Performance Anxiety

Catchy headline, right? Now that I have your attention, I’m probably going to disappoint you in that I’m not going to talk about what you thought  I would be talking about. I’m going to be discussing what I’m sure many other writers go through: stage fright. I am about a fourth of the way through the first draft of book 4, and I’ve got to say, I’m feeling a little gun shy. There are a couple of reasons for this:

It’s time to say goodbye: Like all writers, I’ve gotten attached to these people that I’ve created in my head. Cain and Riley have been a part of my life for years, and at least for the near and somewhat far future, we are going to be parting ways so I can work on some other projects that I’m excited about. It’s time to make some new character friends, but you never forget the old.

(THE FOLLOWING PARAGRAPH CONTAINS SONS OF ANARCHY SPOILERS SO DON’T CONTINUE IF YOU HAVEN’T FINISHED WATCHING THE SERIES)

…….

These people are real: I bawled like a baby when Jax Teller  (Sons of Anarchy for those who don’t watch the show) died. My husband looked at me like I had two heads. I was a swollen mess of tears. Because for the last several years, Jax Teller had been just as real as any person we’d see on the news. I will never meet those people either, but that doesn’t make them any less real. Writers create real people in our heads, real for all intents and purposes. So when they die, they take a piece of us with them. For book 4, there will be some definite bloodshed, and I don’t think some of my precious friends, who I have spent the last six years with, will make it out of the book alive.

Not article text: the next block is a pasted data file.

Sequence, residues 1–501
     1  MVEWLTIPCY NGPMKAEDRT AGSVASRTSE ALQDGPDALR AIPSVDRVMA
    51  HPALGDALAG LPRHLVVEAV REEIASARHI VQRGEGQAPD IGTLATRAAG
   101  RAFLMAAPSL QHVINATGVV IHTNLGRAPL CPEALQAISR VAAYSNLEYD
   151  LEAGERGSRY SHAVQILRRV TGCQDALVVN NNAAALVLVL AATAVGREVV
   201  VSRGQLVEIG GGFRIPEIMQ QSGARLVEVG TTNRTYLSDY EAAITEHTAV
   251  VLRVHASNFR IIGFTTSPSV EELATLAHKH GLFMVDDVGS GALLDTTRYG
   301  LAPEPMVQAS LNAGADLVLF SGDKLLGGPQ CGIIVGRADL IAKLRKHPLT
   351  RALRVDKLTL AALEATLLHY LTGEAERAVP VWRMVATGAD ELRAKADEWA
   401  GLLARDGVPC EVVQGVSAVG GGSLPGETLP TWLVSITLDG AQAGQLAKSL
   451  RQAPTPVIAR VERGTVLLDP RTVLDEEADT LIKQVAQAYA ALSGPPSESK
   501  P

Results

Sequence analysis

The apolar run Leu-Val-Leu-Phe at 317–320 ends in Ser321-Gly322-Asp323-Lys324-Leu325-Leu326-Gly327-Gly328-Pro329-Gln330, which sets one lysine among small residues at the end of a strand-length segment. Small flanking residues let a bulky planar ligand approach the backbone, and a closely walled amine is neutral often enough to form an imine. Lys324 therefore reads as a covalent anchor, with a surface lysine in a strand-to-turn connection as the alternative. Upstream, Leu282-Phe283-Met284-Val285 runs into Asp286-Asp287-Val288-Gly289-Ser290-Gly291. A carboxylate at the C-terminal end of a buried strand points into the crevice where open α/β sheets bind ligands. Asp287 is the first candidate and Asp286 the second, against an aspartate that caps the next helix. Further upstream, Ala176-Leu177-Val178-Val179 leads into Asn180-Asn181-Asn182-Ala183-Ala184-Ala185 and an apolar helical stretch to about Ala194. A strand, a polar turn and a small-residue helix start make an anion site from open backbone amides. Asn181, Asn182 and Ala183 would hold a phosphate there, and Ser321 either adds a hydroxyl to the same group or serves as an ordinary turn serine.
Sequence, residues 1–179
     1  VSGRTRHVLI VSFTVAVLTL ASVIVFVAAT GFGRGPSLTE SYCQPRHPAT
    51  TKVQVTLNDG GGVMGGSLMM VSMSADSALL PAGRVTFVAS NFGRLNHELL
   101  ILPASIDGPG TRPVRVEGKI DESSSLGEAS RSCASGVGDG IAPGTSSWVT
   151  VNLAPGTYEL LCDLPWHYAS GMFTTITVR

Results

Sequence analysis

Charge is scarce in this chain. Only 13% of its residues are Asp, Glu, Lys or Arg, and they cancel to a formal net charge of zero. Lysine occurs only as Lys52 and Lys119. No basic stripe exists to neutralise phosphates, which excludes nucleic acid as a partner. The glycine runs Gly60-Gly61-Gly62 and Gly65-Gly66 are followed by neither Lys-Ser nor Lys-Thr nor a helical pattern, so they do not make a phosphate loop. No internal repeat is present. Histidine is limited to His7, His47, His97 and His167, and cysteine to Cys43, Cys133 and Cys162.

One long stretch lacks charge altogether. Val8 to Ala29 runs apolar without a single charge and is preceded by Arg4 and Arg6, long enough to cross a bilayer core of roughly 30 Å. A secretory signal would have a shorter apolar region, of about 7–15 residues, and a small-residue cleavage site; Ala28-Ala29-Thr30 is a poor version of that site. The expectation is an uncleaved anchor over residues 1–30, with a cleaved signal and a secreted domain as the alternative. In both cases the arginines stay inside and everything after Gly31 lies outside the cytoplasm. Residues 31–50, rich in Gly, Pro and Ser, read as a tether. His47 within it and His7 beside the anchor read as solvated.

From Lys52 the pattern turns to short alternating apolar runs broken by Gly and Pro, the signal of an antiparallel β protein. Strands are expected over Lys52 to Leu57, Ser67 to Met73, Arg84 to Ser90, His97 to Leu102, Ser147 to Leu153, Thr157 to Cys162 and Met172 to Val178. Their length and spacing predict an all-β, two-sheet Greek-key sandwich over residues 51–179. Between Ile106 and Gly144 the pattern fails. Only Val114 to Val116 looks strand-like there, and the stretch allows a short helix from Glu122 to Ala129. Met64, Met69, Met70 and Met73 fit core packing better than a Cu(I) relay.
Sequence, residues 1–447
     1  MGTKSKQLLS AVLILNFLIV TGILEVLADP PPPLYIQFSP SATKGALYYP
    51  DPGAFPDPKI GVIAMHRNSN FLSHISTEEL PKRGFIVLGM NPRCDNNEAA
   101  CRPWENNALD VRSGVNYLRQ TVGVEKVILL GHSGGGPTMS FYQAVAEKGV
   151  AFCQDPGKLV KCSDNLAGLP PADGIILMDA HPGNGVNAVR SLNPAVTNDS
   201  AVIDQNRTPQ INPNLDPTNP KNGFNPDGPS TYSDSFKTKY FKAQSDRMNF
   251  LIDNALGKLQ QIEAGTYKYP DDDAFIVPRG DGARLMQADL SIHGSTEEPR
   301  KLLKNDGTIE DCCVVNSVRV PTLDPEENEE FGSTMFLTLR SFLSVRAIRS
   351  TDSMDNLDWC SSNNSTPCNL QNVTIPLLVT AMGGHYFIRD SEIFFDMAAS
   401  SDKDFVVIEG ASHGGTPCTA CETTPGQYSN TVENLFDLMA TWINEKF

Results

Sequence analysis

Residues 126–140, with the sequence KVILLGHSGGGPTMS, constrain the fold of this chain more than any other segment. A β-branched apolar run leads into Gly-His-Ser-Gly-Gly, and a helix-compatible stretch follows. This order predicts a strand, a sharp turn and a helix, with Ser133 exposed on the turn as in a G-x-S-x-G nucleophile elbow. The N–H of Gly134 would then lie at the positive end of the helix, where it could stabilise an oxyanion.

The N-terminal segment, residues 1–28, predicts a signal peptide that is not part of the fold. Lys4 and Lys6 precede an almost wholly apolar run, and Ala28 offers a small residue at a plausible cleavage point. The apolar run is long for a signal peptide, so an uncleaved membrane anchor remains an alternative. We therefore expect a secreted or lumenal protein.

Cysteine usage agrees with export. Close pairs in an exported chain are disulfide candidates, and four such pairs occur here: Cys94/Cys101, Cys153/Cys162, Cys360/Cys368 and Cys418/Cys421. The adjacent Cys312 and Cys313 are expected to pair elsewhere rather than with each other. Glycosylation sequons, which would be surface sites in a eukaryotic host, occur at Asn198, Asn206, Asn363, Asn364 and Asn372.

I want to do right by the characters: When you spend that long with someone, as a writer, you want to make sure you do it right. You’ve poured your heart into something and you want to exit with the color and circumstance that it deserves. But rough drafts can make you wonder if you’ll ever get it right. I want the closing act to be the best one yet, and that’s a lot of pressure.

I want to do right by the readers: For every reader that has stuck with me and my books, I want to make you proud. I want you to get to the last page and feel like your journey was worth the trip. And maybe I want to make you remember these peoples’ stories for at least a little while. Maybe you’ll enjoy it so much that you’ll let your children read it when their old enough (and PLEASE wait till they’re old enough). I want to do right by you, and thank you for taking this journey with me.

And maybe, just maybe, you’ll take the next one with me too.

 

 

 

 

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